14. Hemoglobin Oxyhemoglobin – hemoglobin bound to oxygen Oxygen loading takes place in the lungs Deoxyhemoglobin – hemoglobin after oxygen diffuses into tissues (reduced Hb) Carbaminohemoglobin – hemoglobin bound to carbon dioxide Carbon dioxide loading takes place in the tissues

15. Life Cycle of Red Blood Cells

16. Fate and Destruction of Erythrocytes The life span of an erythrocyte is 100–120 days Travels about 750 miles in that time (LA to Albuquerque) Old erythrocytes become rigid and fragile, and their hemoglobin begins to degenerate Dying erythrocytes are engulfed by macrophages Heme and globin are separated Iron is removed from the heme and salvaged for reuse Stored as hemosiderin or ferritin in tissues Transported in plasma by beta-globulins as transferrin

17. Fate and Destruction of Erythrocytes Heme is degraded to a yellow pigment called bilirubin Liver secretes bilirubin into the intestines as bile Intestines metabolize bilirubin into urobilinogen Urobilinogen leaves the body in feces, in a pigment called stercobilin Globin is metabolized into amino acids which are then released into the circulation

18. Stages of Differentiation of Blood Cells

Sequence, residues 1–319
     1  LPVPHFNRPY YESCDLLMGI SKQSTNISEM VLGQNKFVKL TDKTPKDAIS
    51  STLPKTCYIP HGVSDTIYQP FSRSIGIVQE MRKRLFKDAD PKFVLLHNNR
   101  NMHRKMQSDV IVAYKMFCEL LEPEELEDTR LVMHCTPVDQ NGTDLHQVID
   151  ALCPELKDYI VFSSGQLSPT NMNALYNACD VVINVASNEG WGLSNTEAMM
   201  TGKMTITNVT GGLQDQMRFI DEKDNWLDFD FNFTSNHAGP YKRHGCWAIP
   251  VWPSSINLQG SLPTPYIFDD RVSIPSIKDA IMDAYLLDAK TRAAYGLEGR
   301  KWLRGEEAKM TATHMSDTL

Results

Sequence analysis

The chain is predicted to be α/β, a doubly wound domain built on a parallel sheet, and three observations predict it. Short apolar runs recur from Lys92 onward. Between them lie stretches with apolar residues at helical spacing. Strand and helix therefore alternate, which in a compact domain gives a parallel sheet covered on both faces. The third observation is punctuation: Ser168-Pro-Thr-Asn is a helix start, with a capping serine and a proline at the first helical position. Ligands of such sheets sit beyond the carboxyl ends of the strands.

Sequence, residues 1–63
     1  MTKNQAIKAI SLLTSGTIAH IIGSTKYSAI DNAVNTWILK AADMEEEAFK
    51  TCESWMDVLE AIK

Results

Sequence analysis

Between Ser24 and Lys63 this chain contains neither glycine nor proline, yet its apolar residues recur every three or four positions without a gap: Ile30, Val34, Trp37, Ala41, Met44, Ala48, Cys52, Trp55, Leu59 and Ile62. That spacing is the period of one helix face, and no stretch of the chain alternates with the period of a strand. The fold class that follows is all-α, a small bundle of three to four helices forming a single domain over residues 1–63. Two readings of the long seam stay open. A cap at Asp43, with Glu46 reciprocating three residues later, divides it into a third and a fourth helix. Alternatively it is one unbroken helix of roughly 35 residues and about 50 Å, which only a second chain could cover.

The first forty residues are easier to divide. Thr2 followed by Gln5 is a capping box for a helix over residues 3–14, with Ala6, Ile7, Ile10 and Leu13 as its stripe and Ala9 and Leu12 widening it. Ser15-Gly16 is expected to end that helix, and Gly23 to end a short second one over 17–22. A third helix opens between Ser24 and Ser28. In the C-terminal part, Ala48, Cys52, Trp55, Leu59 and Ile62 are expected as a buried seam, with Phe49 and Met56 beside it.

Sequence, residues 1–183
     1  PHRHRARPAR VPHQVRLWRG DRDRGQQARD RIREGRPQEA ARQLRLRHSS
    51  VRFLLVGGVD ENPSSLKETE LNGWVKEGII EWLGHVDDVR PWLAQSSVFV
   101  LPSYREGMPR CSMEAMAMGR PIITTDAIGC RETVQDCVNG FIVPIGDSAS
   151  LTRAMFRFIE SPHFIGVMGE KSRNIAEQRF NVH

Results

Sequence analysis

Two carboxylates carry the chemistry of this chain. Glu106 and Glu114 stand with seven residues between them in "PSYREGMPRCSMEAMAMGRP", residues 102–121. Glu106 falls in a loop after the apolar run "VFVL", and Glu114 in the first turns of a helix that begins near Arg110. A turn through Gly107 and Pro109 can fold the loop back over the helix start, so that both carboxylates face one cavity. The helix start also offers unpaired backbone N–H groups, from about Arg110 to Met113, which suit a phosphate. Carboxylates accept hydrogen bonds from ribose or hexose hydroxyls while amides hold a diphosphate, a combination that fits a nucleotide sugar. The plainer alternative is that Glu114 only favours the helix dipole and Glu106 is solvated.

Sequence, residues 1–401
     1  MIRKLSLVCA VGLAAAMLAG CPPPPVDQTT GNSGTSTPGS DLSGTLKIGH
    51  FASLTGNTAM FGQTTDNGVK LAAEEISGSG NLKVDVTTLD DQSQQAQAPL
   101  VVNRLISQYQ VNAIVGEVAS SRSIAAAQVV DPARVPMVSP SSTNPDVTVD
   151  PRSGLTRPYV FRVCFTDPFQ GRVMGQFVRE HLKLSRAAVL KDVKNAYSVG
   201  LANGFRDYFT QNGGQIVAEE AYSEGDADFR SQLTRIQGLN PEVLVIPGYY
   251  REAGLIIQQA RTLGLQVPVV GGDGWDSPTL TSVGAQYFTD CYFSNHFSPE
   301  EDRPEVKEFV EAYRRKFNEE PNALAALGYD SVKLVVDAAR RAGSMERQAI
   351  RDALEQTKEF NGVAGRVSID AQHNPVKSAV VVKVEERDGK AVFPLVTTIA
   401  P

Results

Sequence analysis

19. Production of Erythrocytes Hematopoiesis – blood cell formation Occurs in the red bone marrow (myeloid tissue) Axial skeleton and girdles Epiphyses of the humerus and femur Marrow contains immature erythrocytes Composed of reticular connective tissue Hemocytoblasts give rise to ALL formed elements Lymphoid stem cells - give rise to lymphocytes Myeloid stem cells - give rise to all other blood cells

20. Production of Erythrocytes: Erythropoiesis A hemocytoblast is transformed into a committed cell called the proerythroblast Proerythroblasts develop into early erythroblasts The developmental pathway consists of three phases Phase 1 – ribosome synthesis in early erythroblasts Phase 2 – hemoglobin accumulation in late erythroblasts and normoblasts Phase 3 – ejection of the nucleus from normoblasts and formation of reticulocytes Reticulocytes then become mature erythrocytes Reticulocytes make up about 1 -2 % of all circulating erythrocytes

21. Production of Erythrocytes: Erythropoiesis